In a moment in which our world is witnessing the biggest migratory crisis of the 21st century and presidential candidates speak about building a wall at the Mexican border, it seems relevant to ponder about what immigration means.
Last Spring I received a commission from The New School for Jazz (where I have been a faculty member for seven years) to compose a score for the 1917 Charlie Chaplin silent film The Immigrant. The piece would be played as part of a concert to celebrate the merger of our Jazz School with the Mannes and Drama departments into what now is The New School College of Performing Arts. I had only five weeks to write about 25 minutes of music to be performed live accompanying the film. A rather challenging task, especially because I didn't—couldn’t—just take it as “another” job.
Before writing a note I researched Chaplin quite a lot; his story, concepts, work ethic, what this film particularly meant to him, and how the film would relate to my own experience as an immigrant.
It is clear that regardless of what time period we focus on, immigrants are often received with a certain degree of hostility. As the son and grandson of immigrants and a parent of children who are also sons, grandsons and great-grandsons of immigrants, I am very proud of our mixed heritage, and I acknowledge that most members of my family—myself included—have gone through a seriously rough time at some point during their migratory experiences. We are all immigrants, and we cannot be held accountable in any way for it.
Accountability seems like the right term here, as politically and historically it has always been so easy to blame “the immigrants” for what's wrong—they are the cause of our troubles, take our jobs, are rapists and criminals... ring a bell? It’s been said that in the 1950’s Chaplin was denied re-entry into the US on account of being anti-American. The proof offered? A scene from "The Immigrant" where Chaplin is seen delivering a surreptitious kick to an immigration officer’s ass.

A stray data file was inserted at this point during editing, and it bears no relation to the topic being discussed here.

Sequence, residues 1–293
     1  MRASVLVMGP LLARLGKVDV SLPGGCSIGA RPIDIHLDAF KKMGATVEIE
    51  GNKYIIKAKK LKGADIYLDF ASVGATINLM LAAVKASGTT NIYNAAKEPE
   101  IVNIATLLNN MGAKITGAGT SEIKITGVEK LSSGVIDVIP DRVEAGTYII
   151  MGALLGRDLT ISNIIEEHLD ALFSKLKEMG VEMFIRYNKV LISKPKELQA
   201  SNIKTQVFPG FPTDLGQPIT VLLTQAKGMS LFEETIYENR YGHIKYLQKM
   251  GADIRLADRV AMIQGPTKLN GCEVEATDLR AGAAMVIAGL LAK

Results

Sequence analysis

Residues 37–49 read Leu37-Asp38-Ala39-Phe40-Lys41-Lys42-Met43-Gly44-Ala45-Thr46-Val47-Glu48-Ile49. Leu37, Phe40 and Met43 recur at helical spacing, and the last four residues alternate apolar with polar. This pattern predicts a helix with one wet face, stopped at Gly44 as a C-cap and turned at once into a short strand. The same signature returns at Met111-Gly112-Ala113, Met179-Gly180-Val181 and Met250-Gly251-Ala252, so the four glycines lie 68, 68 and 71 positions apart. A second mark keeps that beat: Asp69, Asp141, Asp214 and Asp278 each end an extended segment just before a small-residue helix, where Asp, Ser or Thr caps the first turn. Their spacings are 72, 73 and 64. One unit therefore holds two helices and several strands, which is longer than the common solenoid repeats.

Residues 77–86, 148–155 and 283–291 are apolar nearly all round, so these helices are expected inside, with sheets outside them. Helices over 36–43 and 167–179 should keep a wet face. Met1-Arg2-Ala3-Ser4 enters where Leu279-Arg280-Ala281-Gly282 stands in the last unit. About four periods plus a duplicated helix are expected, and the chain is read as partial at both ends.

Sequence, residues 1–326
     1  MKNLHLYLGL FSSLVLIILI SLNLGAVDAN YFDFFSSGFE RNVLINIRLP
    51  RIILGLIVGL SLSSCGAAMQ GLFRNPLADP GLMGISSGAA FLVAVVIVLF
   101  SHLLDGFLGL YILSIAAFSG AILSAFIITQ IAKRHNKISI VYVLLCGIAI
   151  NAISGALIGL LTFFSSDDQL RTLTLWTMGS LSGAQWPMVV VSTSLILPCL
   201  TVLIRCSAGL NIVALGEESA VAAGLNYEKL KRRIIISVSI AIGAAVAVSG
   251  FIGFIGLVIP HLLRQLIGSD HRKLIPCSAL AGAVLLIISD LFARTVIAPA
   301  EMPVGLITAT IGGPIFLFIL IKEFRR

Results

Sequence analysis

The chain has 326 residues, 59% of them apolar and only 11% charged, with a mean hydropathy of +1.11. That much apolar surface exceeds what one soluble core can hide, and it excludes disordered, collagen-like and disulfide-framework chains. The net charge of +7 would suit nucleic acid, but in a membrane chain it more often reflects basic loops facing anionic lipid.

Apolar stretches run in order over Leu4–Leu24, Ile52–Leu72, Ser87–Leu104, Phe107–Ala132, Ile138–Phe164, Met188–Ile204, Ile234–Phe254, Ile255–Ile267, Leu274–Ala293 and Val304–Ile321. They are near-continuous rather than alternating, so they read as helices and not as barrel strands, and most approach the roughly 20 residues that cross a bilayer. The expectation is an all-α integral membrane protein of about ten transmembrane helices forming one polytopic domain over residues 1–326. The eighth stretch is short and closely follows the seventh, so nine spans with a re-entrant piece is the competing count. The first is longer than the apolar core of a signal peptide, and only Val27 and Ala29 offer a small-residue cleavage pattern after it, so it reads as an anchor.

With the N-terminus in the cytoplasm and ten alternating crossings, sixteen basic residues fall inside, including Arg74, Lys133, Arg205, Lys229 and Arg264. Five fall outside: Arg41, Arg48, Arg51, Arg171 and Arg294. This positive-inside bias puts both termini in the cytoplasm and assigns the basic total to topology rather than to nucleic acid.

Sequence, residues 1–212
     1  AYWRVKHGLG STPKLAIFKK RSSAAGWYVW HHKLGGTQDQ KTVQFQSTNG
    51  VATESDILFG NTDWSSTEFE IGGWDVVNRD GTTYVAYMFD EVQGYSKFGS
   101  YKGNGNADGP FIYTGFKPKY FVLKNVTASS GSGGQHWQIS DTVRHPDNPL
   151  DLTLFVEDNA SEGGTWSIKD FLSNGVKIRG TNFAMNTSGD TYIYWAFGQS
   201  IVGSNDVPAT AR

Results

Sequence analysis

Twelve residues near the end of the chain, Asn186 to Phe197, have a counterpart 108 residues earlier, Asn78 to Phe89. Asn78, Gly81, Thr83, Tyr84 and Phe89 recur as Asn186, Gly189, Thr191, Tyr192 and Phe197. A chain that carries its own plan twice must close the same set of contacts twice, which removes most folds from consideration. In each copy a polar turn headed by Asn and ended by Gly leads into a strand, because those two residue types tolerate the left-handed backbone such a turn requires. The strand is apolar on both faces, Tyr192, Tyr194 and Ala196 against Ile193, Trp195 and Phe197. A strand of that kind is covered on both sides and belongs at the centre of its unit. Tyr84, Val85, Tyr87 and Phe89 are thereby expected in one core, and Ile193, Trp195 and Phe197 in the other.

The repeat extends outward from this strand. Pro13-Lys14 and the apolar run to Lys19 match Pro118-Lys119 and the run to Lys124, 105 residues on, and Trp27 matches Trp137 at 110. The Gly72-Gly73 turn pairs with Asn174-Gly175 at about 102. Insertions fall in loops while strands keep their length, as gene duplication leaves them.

Chaplin was able to communicate with his audiences through pathos, managing to reach the emotions of his spectators with his films AND music (he was a wonderful composer, always able to hit at our deepest feelings with his deceivingly simple tunes). In the case of "The Immigrant" I was lucky that the film had no music, giving me a blank slate to connect with Chaplin's pathos. I thrive on reflecting emotion in music, I simply need to connect with my own deep emotions when I write music. One of my favorite concepts is from Werner Herzog, who speaks of the “Ecstatic Truth”— an image or piece of music or art, that hits you emotionally just... does!
Additionally, the score allowed me to reflect the diversity that we experience in New York City and at The New School in particular, connecting with the idea that we’re all immigrants. Duke Ellington said that music sounds better when the music is written with specific performers in mind. At The New School for Jazz we are part of an amazing community of musicians that is as diverse as it gets across gender, origin, age and ideology. However we are all united by our love of music, and quoting Ellington again we all love “good music.” I was privileged to be able to put together a wonderful ensemble of 10 musicians that included current students, alumni and faculty featuring Yosvany Terry (Alto & Soprano Sax), Levon Henry (Tenor Sax & Bass Clarinet), Linda Briceño (Trumpet & Flugelhorn), Chris Stover (Trombone), Nathan Kamal (Violin), Zen Groom (Vibraphone), Martha Kato (Piano), Joe Vilardi (Guitar), Aron Caceres (Bass) and Chris Copland (Drums).
Lastly, I had to honor the fact that this had to be a jazz score, representing our jazz school and reflecting our rich and multicultural jazz heritage. I’m not very dogmatic about jazz—what it is, and what it isn’t. For me, it's simple: jazz is diverse, jazz is improvisation, jazz is an art of the moment (literally THIS very moment, and our historical moment in time), jazz is the result of mixing and matching, of melting and risking, of adventure and diversity. In my own practice I've managed to sidestep the boundaries of what jazz is supposed to be, and just depart from a deep love of the music and its history. My music has a lot of influences that include anything that excites me—polyrhythms, flamenco, multi-tonality, serialism, be-bop. To me it all falls into the same category, the one that Ellington calls “good.”
In The Immigrant, I came to think of jazz as the music of immigrants, the music that belongs to all of us because we all are immigrants.